What a Wonderful World
Thanks to changing times and eloquent authors, the contributions and experiences of African-Americans throughout history are more accessible than ever before. Whether told as a story or reported in a factual style, the books below offer a glimpse into the lives of many strong, brave, committed individuals and encourage us all to work together to make it a wonderful world indeed.
Zora and Me
A fictionalized account of Zora Neale Hurston's childhood with her best friend Carrie, in Eatonville, Florida, as they learn about life, death, and the differences between truth, lies, and pretending. Includes an annotated bibliography of the works of Zora Neale Hurston, a short biography of the author, and information about Eatonville, Florida.
The Other Half of my Heart
Twin daughters of interracial parents, eleven-year-olds Keira and Minna have very different skin tones and personalities, but it is not until their African American grandmother enters them in the Miss Black Pearl Pre-Teen competition in North Carolina that red-haired and pale-skinned Minna realizes what life in their small town in the Pacific Northwest has been like for her more outgoing, darker-skinned sister.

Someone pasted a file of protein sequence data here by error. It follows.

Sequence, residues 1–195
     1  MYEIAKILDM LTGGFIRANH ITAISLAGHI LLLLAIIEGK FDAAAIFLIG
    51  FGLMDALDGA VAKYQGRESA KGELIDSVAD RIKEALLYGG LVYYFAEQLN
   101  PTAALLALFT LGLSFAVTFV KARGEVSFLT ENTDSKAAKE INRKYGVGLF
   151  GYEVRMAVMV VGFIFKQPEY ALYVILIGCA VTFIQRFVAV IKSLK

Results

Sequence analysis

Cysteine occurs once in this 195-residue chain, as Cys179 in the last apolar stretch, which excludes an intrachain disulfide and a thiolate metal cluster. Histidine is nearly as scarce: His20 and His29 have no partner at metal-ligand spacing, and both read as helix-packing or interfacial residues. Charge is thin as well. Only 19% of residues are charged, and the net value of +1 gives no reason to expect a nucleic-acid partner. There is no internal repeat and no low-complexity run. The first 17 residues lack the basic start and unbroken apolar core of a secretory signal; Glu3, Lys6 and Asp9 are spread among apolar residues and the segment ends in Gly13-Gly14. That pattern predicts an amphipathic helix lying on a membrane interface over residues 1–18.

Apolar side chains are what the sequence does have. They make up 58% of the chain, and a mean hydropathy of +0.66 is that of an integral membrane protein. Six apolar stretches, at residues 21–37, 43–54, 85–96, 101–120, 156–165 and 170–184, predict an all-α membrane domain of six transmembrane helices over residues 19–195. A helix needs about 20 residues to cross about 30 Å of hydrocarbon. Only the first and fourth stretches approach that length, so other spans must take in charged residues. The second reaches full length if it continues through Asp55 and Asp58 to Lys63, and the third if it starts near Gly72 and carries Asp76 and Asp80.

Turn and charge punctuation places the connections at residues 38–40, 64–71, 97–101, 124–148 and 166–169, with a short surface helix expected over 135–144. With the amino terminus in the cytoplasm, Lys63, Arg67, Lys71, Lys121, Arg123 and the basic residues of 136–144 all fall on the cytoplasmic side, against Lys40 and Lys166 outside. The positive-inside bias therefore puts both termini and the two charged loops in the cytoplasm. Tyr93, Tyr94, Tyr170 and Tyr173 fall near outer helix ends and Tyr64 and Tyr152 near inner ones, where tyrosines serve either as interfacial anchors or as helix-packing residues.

The People Could Fly: The Picture Book
In this retelling of a folktale, a group of slaves, unable to bear their sadness and starvation any longer, calls upon the African magic that allows them to fly away.
I See the Rhythm of Gospel
Poetry, art, and music come together to tell the history of gospel music.
The Little Piano Girl
A child prodigy at the piano sprinkles her music with a little jazz. Based on the life of the twentieth-century jazz musician, Mary Lou Williams.
A Sweet Smell of Roses
A stirring yet jubilant glimpse of the youth involvement that played an invaluable role in the Civil Rights movement.
The Home-Run King
During the Depression in Nashville, Tennessee, two baseball-loving brothers host Josh Gibson, a star of the Negro Leagues, in their home, and are motivated to get their own team started as well.
In eighteenth-century West Africa, a boy raised by his blacksmith father and the Mother Elements--Wind, Fire, Water, and Earth--is captured and taken to America as a slave.
Friends Zander, Kambui, LaShonda, and Bobbi, caught in the middle of a mock Civil War at DaVinci Academy, learn the true cost of freedom of speech when they use their alternative newspaper, The Cruiser, to try to make peace.
Heart and Soul: The Story of America and African Americans
An simple introduction to African-American history, from Revolutionary-era slavery up to the election of President Obama.
D is for Drinking Gourd: An African American Alphabet
Using the alphabet to introduce its contents, this book includes topic such as abolitionists, cowboys, Harlem Renaissance, and Kwanzaa.
My Uncle Martin's Big Heart
A young girl introduces readers to her uncle, Martin Luther King Jr., describing what he does and family moments they have shared.
The Other Side
Two girls, one white and one black, gradually get to know each other as they sit on the fence that divides their town.
Bad News for Outlaws: The Remarkable Life of Bass Reeves, Deputy U.S. Marshal
This biography profiles the life of Bass Reeves, a former slave who was recruited as a deputy United States Marshal in the area that was to become Oklahoma.